Over the past 20 years, the man who invented the blockbuster film has time and time again attempted to retain his title as the king of popular entertainment in cinema while also distancing himself from the notion that he is a purely populist filmmaker cynically attempting to earn maximum profit at the expense of quality. In order to accomplish this he’s resorted every few years to the not-too-subtle tactic of releasing two movies within the same calendar year, one a serious drama and the other a big “event” motion picture designed to appeal to teenagers and children. 2011 brought us the schmaltzy, derided-as-Oscar-bait “War Horse” and the animated “The Adventures of Tintin;” in 2005 came the criminally underrated disaster movie “War of the Worlds” and the politically ambiguous morality tale “Munich;” and in 1997 came historical drama “Amistad” and a serious case of sequelitis in the form of “Jurassic Park 2: The Lost World.” But the two most important in this chain of high- and low-brow pairing were 1993’s “Schindler’s List,” which significantly challenged the trend of Spieldberg’s dramas being overly sentimental, weepy affairs, and “Jurassic Park,” the first in a long line of CGI-driven special effects extravaganzas which has all but paved the way for dozens of awful films from the minds of schlockmeisters like Michael Bay. Though “Jurassic Park” may have been designed to perform well in the under-18 demographic, the film has, for better or for worse, become something of a modern classic as far as blockbusters go. This is, after all, a re-release in 3-D of a 20-year-old movie, which does sort of presuppose that the movie made more than its fair share of dollars back when Vanilla Ice was all the rage. That doesn’t necessarily mean it holds up now or was even particularly good then. After all, “Independence Day” will probably be re-released sometime in the next few years.
So how does “Jurassic Park” hold-up? Quite simply, a sort-of solid yet relatively indifferent “pretty good” just about sums it up. While it lacks the grim atmospherics, difficult ethical conundrums or gee-whiz adventurous fun of much of Spielberg’s best work, what’s here is a fun time at the movies, nothing more, nothing less. It’s a solid reminder that for all his sentimentality, Spielberg does have summer-movie credentials that go beyond early efforts like “Jaws,” the de facto first blockbuster. It lacks the heart and charm of something like “Raiders of the Lost Ark” — what will probably always be Spielberg’s best work of pure entertainment — but it’s well-constructed, well-paced, tense and suspenseful, and good God does the CGI look good for something 20 years old.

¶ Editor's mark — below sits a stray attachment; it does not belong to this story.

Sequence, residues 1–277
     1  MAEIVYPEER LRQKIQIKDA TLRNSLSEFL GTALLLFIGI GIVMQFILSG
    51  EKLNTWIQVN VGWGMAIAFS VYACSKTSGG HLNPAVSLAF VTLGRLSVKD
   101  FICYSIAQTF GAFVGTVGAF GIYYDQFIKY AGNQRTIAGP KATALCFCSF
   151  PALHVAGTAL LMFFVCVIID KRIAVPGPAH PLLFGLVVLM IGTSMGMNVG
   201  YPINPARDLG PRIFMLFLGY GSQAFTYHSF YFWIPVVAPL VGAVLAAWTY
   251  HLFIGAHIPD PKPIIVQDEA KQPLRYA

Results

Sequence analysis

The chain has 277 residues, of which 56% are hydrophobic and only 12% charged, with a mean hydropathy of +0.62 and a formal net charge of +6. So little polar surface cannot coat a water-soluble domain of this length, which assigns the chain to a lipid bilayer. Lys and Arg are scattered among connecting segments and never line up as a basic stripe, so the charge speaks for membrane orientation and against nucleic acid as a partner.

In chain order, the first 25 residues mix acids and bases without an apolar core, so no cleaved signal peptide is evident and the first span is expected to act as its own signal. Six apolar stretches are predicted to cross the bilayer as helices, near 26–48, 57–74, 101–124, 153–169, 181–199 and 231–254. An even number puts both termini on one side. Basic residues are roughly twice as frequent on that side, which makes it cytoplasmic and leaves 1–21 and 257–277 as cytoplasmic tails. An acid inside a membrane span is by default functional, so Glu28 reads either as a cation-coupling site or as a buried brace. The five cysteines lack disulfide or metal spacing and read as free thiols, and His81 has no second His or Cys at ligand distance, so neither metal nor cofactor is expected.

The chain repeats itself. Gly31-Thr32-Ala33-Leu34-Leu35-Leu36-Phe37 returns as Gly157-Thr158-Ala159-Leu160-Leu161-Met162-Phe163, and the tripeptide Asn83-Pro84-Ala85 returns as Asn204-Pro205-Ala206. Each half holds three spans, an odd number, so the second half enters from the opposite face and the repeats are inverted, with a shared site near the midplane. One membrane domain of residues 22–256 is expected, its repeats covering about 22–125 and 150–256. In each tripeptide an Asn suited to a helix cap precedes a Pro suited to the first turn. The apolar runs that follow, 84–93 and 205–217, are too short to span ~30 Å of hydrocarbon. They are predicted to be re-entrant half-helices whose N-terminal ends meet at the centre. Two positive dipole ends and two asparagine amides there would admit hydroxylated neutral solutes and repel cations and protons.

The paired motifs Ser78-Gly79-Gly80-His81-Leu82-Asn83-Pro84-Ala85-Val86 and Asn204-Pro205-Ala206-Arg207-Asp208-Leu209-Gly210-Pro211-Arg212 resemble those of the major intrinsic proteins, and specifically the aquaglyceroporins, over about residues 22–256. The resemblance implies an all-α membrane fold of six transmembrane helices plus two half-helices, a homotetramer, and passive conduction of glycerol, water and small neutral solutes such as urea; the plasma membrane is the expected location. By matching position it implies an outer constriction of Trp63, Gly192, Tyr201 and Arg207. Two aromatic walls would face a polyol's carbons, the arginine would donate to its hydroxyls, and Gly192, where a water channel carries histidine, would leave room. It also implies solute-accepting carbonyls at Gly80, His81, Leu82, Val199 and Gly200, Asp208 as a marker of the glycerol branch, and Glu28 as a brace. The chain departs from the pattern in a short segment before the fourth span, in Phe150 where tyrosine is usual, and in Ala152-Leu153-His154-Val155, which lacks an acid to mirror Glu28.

The story is one that we all know and is pretty inconsequential. The movie’s biggest success can be found at the edge of your seat. While the movie is mostly remembered for its CGI (thankfully the most dated aspect of “Jurrasic Park” is Laura Dern’s 90’s apparel), it’s most important that it is a complement to and not a replacement for sharp directing and fierce editing. In the movie’s standout sequence featuring the T-Rex, Spielberg builds suspense by highlighting the sound of its footsteps and the shaking of a cup of water on the dashboard of a Jeep for several minutes before we even see the beast. And while the more explicit and frequent presence of the dinosaurs on screen robs the film of some of the creepiness of “Jaws,” the film wisely keeps the focus on the characters’ point of view rather than continuously self-indulgently including shots of the dinosaurs in all their primal glory. Later on, a fantastic shot follows a raptor from behind as it charges in which Spielberg’s use of noise and shadow is utterly compelling.
If anything keeps the movie from truly ascending to the upper-echelons of stone-cold suspense-driven thrill-ride classics, it’s that the characters aren’t worth your emotional investment. They’re a few dimensions shy of living, breathing human beings, and this inherently limits the film’s ability to awe in addition to its ability to shock. The acting is suitable, although none of these roles really require stretching out. And there are a few too many moments of humor that keep the movie from really attaining that sense of impending dread that would really take it to the next level. Wayne Knight (“Seinfeld”) as Dennis Nedry is supposed to be the comic relief, but the most embarrassing parts belong to the theme park owner’s grandchildren. While the movie works well in the moment, it’s hard to develop any lasting connection to any of the characters or feel a sense of empathy for them when they’re, you know, being chased by a T-Rex. To quote the late Roger Ebert, “I hate it when that happens.”
The added 3-D is not especially noticeable, which is good in the sense that it isn’t a distraction and bad in the sense that it sometimes feels like you wasted four extra dollars for nothing. But the film is worth seeing either with 3-D or without it, so this is really a non-issue (as is the case with most 3-D films, it seems). And while the phrase “all sound and fury signifying nothing” may apply, when you’re watching Jeff Goldblum stare down a T-Rex as it runs at him and he watches helplessly, I can almost believe the quackish Chaos Theory Dr. Malcolm spouts off throughout the film. I also almost touch heaven for a few fleeting seconds. Maybe that’s just me, but “Jurassic Park” is still worth seeing.